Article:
The Emerging Media New Kid on the Block: Vine



At the beginning of 2013 Twitter released a new app called Vine and for those who aren’t familiar with Vine, you can create 6-second videos or 6-seconds of stop motion video.  While it started out as users creating short-form videos of random stuff, some extremely creative and some not so much.  It has now matured into brands using the new kid on the block to reach their audience in a new way.  I’ll be honest, I wasn’t sold on the Vine from an IMC standpoint, but quickly retract my thoughts after a friend created a company around helping brands use this new emerging media and has been very successful.



A brand can create short creative ads and embed these into a tweet.  Here is a sample what he created most recently for Pillsbury Toaster Strudel and their “Breakfast Buccaneer” theme.  Pretty creative, right?



Peek Behind The Curtain

I previously mentioned this in my post about Instagram, but it remains true with Vine also.  The major benefit with Instagram is the 15-seconds of video, but Vine makes you get more creative in your usage.


New Product/ Product Demos

Vine is a great emerging media tool to showoff a new product.  Debut the new product or show it off in action through short teaser videos that will help in building excitement or buzz around the product debut.



Vine is a great tool for having your followers create content with a corresponding hashtag.  Disney pulled with the premier of their Vine account, in which they asked people to Vine your Disney side for a chance to win a $1,000 or grand prize trip to Disney.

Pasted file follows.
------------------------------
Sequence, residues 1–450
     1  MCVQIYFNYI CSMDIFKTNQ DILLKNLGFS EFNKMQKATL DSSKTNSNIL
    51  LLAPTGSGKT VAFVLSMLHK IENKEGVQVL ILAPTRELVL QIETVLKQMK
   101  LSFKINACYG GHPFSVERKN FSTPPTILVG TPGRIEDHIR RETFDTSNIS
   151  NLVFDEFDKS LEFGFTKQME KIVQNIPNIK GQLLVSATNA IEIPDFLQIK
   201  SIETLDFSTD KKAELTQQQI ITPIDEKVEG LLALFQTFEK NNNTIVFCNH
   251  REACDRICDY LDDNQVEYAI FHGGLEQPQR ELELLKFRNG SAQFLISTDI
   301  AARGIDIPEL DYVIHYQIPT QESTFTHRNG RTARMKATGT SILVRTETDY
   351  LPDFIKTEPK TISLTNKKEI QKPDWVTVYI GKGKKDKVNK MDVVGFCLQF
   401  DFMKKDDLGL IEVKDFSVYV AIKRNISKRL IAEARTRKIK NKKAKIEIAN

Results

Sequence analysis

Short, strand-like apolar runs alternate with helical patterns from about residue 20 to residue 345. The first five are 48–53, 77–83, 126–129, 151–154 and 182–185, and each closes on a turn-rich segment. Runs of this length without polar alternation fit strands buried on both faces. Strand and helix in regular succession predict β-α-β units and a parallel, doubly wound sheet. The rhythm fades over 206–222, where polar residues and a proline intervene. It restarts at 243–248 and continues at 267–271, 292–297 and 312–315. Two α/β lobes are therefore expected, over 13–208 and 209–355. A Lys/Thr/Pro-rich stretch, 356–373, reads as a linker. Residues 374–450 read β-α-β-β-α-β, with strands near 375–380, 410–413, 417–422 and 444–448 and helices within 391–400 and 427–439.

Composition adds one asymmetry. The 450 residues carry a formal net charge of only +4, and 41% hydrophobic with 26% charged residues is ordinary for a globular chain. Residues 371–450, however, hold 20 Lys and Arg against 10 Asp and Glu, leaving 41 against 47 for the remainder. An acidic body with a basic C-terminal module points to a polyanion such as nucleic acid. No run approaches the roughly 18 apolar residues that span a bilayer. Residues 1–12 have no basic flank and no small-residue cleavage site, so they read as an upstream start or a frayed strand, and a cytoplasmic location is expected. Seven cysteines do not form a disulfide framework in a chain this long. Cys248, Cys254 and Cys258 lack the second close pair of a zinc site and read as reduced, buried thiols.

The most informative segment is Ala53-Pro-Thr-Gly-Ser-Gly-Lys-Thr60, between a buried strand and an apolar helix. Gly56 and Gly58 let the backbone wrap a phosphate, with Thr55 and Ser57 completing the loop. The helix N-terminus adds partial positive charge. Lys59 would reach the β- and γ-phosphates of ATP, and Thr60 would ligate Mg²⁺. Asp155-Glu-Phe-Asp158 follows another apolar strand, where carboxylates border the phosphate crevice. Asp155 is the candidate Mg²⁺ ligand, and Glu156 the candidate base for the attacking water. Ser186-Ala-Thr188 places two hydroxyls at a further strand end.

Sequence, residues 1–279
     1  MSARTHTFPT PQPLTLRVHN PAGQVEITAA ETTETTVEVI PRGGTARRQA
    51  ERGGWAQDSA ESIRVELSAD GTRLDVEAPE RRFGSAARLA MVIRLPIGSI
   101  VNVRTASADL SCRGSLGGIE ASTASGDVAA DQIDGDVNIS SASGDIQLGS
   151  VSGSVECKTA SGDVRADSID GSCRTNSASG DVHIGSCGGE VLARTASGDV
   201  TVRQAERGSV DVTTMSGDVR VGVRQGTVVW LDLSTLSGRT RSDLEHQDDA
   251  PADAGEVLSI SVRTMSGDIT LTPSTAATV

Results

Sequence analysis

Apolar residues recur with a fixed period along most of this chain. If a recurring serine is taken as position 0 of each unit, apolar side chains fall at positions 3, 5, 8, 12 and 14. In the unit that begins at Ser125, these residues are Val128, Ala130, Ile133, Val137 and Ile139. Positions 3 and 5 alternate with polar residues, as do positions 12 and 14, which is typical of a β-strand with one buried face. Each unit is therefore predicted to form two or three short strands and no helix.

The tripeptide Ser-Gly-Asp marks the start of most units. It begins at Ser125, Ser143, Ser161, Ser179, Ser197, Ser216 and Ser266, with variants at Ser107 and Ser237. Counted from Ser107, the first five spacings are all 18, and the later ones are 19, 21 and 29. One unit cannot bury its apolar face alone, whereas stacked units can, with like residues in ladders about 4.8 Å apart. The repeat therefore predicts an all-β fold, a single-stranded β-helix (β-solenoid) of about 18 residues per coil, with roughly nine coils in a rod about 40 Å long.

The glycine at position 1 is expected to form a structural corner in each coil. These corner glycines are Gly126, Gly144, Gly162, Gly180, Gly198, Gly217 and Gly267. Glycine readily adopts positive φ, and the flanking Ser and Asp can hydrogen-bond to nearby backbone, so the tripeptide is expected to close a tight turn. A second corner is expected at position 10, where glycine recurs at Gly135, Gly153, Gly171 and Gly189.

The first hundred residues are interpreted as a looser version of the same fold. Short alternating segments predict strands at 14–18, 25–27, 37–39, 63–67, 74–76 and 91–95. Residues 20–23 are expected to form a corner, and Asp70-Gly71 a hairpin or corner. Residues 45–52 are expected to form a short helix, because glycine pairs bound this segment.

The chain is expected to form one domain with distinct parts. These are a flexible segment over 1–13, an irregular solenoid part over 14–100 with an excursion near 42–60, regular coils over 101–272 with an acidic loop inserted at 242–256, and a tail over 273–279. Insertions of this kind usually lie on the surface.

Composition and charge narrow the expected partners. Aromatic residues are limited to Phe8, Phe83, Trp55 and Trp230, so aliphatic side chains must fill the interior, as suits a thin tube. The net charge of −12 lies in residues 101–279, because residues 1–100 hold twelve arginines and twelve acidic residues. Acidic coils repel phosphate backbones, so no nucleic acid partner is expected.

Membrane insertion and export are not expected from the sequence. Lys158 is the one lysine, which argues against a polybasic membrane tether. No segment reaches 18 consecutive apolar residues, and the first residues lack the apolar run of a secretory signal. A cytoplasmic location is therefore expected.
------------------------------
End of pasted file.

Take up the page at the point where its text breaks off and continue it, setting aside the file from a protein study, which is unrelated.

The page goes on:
One of the best brands out there has to be Lowe’s and their #lowesfixinsix videos.  They use the six second platform to create short how-to videos or little creative hacks for around the house.  Knowing you are getting valuable ideas that are short and to the point has already gained Lowe’s over 15,000 followers on Vine.




If you would like to learn more about Vine, I would recommend reading Social Media Examiner’s post on 16 ways business are using Vine.  In the article, they highlight other uses of Vine, which may come in handy if you decide to add this to your content strategy.  Most importantly, just have fun with the app and show the human-side of your brand or business.  Those who use creativity and humor are the ones getting largest amount of followers.  As Vine grows (no pun intended) I will be interested to see if or how they monetize the platform going forward.  In a world that thrives on shorter content and more visual, I see Vine having a bright future as more and more people start to adopt this new tool for their brand.  


What do you see as some of the biggest barriers for those brands who haven’t started using Vine yet?





Instagram Like the Big Brands


Instagram is one of those platforms that keeps increasing in popularity and will continue with the rise of visual marketing.  What Instagram started it was a place to take selfies and food porn pics, has now turned into a viable option for businesses and marketing.  Instagram over the last few years has seen a boom in the number of brands and business jump onto the platform.  Some of the benefits of Instagram, is it can increase customer loyalty and create buzz around your brand, if done correctly.     



A fun way to engage your followers and create that buzz is through a contest.  This can easily be implemented by having your users take a photo and tag it with the hashtag of your choosing.  This will allow you to easily search through pictures that have used the hashtag and allow you to share some from the community.  It is important to note to not choose a generic hashtag for your contest.  I recommend testing a few out and doing a search on Instagram, if you don’t find any results, then it could be a winner.  



Too often I see a brand that posts a picture and gets a lot of comments, but never ever responds to anyone who will ask a direct question.  If you have rules for Twitter when responding to a question or concern, I would recommend possibly implementing that same strategy with Instagram.  I have been impressed by the person or brand that took time out to directly comment and tag me in the comment, just to make sure I saw it and read it.